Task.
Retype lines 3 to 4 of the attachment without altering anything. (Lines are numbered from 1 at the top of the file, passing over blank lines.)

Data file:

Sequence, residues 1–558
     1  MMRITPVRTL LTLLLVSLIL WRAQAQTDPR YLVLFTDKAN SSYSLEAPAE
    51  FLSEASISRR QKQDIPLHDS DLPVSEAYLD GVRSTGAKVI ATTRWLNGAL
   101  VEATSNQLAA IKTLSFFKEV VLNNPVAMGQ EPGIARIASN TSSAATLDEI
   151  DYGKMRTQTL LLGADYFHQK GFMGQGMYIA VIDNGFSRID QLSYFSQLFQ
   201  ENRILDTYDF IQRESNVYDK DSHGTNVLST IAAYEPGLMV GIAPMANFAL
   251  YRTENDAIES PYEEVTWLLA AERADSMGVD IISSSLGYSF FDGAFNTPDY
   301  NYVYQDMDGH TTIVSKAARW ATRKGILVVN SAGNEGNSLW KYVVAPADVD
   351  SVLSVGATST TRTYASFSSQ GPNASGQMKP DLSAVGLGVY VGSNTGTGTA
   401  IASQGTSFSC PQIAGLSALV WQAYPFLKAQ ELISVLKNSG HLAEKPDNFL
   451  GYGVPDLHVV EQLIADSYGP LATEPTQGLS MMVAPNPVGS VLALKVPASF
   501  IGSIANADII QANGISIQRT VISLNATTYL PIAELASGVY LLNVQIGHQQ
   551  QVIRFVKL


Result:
    51  FLSEASISRR QKQDIPLHDS DLPVSEAYLD GVRSTGAKVI ATTRWLNGAL
   101  VEATSNQLAA IKTLSFFKEV VLNNPVAMGQ EPGIARIASN TSSAATLDEI